Highly rated City Academy in Homerton under fire for 'draconian' discipline
PUBLISHED: 12:27 16 June 2016 | UPDATED: 12:44 17 June 2016
A top academy has been accused of oppressing special needs students after one boy had his phone confiscated, having been spotted using it two miles from school on his way home.
The City Academy was second in the country for student progress last year, and its special educational needs (SEN) children perform way above average. But its “innovative” methods have been questioned by parents, with reports of children soiling themselves in class when refused permission to use the toilet.
One parent said it acted “outside of its jurisdiction” when the school took his son’s phone after being tipped off by a staff member who saw him with it at Stratford train station last month.
The boy uses it to let his dad know he has arrived at, or left, the academy in Homerton Row, but the school bans students bringing phones in to school without a prior agreement.
Under the rules, confiscated phones are then kept until the end of the half term – up to six weeks. The boy was also handed a two-hour detention for his troubles.
“They don’t treat criminals like that,” said the parent. “My son goes to school – it’s not a prison.”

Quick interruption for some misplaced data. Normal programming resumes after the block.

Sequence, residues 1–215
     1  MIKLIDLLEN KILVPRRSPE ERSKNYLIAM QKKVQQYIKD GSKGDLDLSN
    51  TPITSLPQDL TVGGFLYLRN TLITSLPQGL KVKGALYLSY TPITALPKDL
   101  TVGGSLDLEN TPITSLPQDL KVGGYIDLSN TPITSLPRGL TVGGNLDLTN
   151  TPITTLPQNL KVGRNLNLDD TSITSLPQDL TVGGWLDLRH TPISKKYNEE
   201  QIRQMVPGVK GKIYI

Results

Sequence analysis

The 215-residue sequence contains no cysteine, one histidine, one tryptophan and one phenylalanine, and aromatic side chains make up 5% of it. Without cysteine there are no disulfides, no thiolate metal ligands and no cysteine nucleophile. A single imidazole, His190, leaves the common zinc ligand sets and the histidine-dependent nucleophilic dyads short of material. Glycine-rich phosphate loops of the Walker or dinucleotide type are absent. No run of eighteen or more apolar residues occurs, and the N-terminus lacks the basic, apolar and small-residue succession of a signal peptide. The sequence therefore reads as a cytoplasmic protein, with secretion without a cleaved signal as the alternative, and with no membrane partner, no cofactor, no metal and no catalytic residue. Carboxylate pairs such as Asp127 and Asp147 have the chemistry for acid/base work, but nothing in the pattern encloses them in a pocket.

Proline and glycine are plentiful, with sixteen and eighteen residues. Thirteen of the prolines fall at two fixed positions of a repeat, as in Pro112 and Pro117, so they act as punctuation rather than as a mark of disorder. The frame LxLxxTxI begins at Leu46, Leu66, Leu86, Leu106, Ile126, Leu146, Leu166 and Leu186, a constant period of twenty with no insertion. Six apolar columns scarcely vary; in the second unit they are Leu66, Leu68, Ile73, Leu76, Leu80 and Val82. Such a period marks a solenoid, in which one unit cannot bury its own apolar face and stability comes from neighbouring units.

Specialists at Hackney Learning Trust have since advised the school to let the boy use his phone. Principal Mark Emmerson told the Gazette he had attempted to contact the boy’s dad to come to an arrangement.
The school has had three special educational needs coordinators (Sencos) in 18 months and a parents’ group has been set up by the school to discuss the problems.
Mr Emmerson said “radical changes” had been made to address concerns and things were now improving.
Minutes from a parents’ meeting in February, seen by the Gazette, refer to a host of problems, including the instances of students soiling themselves, which Mr Emmerson said happened once and was “incredibly regrettable”.
They also say one child racked up 22 hours’ detention in six weeks and another asked for earplugs as their teacher was always shouting.
The academy opened in 2009 on the site of the failing Homerton House school and Mr Emmerson’s changes have proved successful.
As well as their phones, students are banned from using “street language” and a “family dining” system sees them eat with teachers.
Mr Emmerson said: “The SEN students in our school have better progress than nearly every other school. Their performance is extremely good. We know we do a fantastic job and there are difficulties but we are very strong about boundaries for children.
“There’s actually very little shouting. We are very strict, we don’t deny that, but we are also very warm and open.”